In 1978, during training for his second Comrades Marathon Bruce became injured and was only able to run a total of 285 km in January and February (compared to 472 km the previous year).

“This was the single most important event that shaped Fordyce’s thinking. When the injury resolved, Fordyce increased his training and subsequently finished fourteenth in that year’s Comrades Marathon. He is convinced that with a little more racing experience he might have done better.

Fordyce subsequently told me that this performance made him suspect that runners such as Newton and Medler had possible trained too much for the race. He was particularly impressed by Dave Levick’s Comrades performance in 1971 when, on a grand total of only 130 km of training in January and February, he ran one of the great Comrades, finishing second in 5:48:53 and going on to win the 1971 London-to-Brighton race in record time. Thus, Fordyce concluded that high training mileage was probably not necessary for a peak performance.”

Fordyce stuck by this belief for the remainder of his career. Prof. Noakes consolidates Fordyce’s training ideas into a nine-point plan for competing in the Comrades Marathon. Points specific to our study are:

Start gently in January and February regardless of fitness. Train hard over distances of 6 to 10 km, and do not run more than 110 km (68 miles) per week, with long weekend runs of up to 25 km.

Specific ultramarathon training only in mid-March. Fordyce began to move toward his peak by increasing his training distances to 130 km (80 miles) per week, and in April, which he considers to be the most important month, this rose to 176 to 192 km (109 to 119 miles) per week. He sustained this heavy training (beyond 130 km / 80 miles per week) for a maximum of eight weeks.”

In his concluding section Prof. Noakes summed up what he has learned from these elite athletes:

Remarkable Performances Achieved on Little Training

“Jim Peters in his marathon debut came within 4 minutes of the world marathon record despite training only 77 km (47 miles) per week…

South Africa’s best marathoner, Gert Thys, reports that he trains 140 km (86 miles) per week. Yet, his best five marathon times of 2:06:33, 2:07:45, 2:07:52, 2:08:30, and 2:09:31 made him the world’s fastest marathon runner of the twentieth century with an average time of 2:08:02.2…

On the other hand, Herb Elliot, Kip Keino, and Matthews Temane all trained considerably less (up to 110 km / 68 miles per week), yet all set world records at distances from 1500 m to 21 km.

Interestingly, the best modern short and long ultramarathon runners, including Bruce Fordyce, Yiannis Kouros, Eleanor Adams, and Ann Transom, seldom ran more than 160 to 180 km (100 to 112 miles) per week.”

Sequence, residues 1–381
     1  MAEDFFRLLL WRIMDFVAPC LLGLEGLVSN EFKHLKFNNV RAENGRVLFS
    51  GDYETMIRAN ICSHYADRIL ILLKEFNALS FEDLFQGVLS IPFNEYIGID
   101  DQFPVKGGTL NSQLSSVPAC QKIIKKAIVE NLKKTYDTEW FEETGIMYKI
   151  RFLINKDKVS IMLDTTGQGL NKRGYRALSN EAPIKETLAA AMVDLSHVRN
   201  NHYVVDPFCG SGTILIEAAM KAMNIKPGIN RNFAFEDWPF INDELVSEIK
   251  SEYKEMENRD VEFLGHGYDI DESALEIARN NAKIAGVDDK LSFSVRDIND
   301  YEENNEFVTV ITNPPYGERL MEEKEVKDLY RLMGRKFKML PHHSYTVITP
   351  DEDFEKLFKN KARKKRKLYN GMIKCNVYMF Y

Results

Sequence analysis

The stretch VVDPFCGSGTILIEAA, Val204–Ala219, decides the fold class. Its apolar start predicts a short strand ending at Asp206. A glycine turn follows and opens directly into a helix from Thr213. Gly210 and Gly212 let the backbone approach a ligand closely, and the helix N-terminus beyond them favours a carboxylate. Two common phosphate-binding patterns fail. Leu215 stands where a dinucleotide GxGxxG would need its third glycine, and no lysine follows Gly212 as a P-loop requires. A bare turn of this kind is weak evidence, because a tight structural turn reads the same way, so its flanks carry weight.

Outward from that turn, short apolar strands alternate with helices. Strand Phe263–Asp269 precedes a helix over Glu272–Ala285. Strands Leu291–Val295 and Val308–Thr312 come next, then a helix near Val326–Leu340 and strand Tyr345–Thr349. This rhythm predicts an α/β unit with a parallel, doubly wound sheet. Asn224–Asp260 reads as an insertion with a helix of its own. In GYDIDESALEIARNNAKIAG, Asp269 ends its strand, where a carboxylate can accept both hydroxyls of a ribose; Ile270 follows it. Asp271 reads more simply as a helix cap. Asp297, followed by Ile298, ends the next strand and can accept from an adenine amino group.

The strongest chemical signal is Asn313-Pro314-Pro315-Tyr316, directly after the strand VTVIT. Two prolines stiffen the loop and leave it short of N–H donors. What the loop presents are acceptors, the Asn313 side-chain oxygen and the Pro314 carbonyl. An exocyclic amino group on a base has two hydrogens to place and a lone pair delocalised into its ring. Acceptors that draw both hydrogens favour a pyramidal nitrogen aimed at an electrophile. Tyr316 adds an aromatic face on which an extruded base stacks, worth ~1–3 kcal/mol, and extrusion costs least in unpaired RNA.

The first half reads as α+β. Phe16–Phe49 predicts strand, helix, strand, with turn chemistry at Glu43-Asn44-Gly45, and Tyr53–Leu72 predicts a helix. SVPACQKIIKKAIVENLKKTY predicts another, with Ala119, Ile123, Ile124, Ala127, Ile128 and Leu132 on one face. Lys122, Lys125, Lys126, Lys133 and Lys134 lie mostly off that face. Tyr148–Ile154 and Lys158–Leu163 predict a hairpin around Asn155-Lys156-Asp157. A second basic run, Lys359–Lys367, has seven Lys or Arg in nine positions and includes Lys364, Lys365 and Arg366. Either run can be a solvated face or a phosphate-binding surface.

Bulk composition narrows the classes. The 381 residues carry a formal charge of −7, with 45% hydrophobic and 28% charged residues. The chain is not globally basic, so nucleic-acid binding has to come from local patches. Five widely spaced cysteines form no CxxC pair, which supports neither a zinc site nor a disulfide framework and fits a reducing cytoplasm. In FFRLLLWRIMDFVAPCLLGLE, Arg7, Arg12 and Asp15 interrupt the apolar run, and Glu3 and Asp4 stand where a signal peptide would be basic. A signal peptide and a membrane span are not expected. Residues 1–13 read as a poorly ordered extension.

Prof. Noakes concludes the discussion of weekly mileage and performance with these comments,

“Thus, it would seem that elite runners perform best in the marathon and ultarmarathon races when they train between 120 and 200 km (74 – 124 miles) per week, with an increasing likelihood that they will perform indifferently when they train more than 200 km (124 miles) per week, as vividly shown by the experiences of Ron Hill.”

What makes the above information so interesting? Well, several things.

First, it is commonly believed that all elites run high mileages. While this generally seems to be true and elites, as a rule, do seem to run higher mileages there have been some notable exceptions. I found it very interesting that the fastest marathoner of the twentieth century ran fairly modest (for an elite) weekly mileages of around 85 miles per week and that world records at up to the half marathon distance have been set in the modern area by runners training at less than 70 miles per week. 85 miles per week is more than 30% less than the typical 125 mpw that is suggested that elite marathoners all train at and 70 mpw is 30% less than the 100 mpw often suggested as the training volume of elites racing at distances less than the marathon.

The second thing I found interesting was the finding that the top elites in the world have performed best when running between 74 and 124 miles per week. This is a broader range of elite weekly training mileage than seems to be generally recognized, especially in light of the claim that all elites run high mileages. The low end of elite optimal training load (74 miles per week) is not only much lower than I’ve generally heard claimed for elites but is between 25 – 65% lower than the standard belief that elites perform best when training 100 – 125 mpw. Recall that the 74-124 mpw numbers come from a review of the training habits of the elites – it’s what they ran – and is not simply a theoretical number.

Another thing I found interesting was the results of comparing Ron Hill’s racing performance with his training load. In the 2 part series “Mileage Based Training: a logical analysis” I made the point that runners need to determine their own individual optimal training load and that running at a lower or higher-than-optimal training load would produce sub-optimal performance. This idea is supported by the analysis of Ron Hill’s training and racing history. The availability of Ron’s training and racing history allowed Prof. Noakes to not only determine the training load that resulted in Ron’s best performances but to show that when Hill ran above this level his performances were sub-optimal.

Of great interest is the finding that a too high training load may result in not just sub-optimal performance, but may permanently impair performance. The results of both Hill and Salazar indicate that too much training and racing during a brief period of time may permanently alter the body in some way so that the athlete is never again capable of reaching similar performances.

In summary, Prof. Noakes review of the training and racing performance of some of the top elites of the past two centuries revealed some fascinating information. The range of weekly mileage producing optimal performance by elites was 74 – 124 miles per week and some of the fastest performances ever recorded have been accomplished by elites running quite a bit less than 100 mpw. The data also support the belief that training at a too high training load results in a sub-optimal performance and may even permanently impair physical capacity.